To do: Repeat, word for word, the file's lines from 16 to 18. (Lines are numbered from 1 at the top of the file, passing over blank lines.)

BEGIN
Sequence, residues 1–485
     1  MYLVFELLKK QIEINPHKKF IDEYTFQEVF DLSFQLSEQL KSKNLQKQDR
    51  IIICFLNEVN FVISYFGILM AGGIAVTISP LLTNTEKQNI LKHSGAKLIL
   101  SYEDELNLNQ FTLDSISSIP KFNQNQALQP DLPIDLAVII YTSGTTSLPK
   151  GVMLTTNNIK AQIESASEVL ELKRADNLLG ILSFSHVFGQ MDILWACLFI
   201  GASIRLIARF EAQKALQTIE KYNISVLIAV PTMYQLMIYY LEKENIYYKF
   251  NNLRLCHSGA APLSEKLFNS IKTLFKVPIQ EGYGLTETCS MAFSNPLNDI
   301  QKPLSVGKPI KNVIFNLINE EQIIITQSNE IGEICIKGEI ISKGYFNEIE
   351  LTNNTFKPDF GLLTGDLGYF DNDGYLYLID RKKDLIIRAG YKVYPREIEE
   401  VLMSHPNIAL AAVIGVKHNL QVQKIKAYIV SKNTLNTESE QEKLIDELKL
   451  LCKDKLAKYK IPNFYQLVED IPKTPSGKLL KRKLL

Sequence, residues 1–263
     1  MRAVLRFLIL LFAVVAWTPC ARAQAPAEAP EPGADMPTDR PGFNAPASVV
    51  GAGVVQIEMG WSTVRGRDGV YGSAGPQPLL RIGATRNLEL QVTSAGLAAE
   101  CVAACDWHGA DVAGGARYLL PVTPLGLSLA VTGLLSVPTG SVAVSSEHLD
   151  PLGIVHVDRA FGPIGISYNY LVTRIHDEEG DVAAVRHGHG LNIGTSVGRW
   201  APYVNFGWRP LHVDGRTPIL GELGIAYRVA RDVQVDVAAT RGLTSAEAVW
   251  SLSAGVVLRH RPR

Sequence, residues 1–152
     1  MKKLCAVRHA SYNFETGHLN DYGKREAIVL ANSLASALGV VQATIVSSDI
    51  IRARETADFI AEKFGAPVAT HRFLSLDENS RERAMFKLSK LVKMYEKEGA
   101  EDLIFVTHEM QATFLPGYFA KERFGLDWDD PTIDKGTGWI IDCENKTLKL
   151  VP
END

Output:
   151  PLGIVHVDRA FGPIGISYNY LVTRIHDEEG DVAAVRHGHG LNIGTSVGRW
   201  APYVNFGWRP LHVDGRTPIL GELGIAYRVA RDVQVDVAAT RGLTSAEAVW
   251  SLSAGVVLRH RPR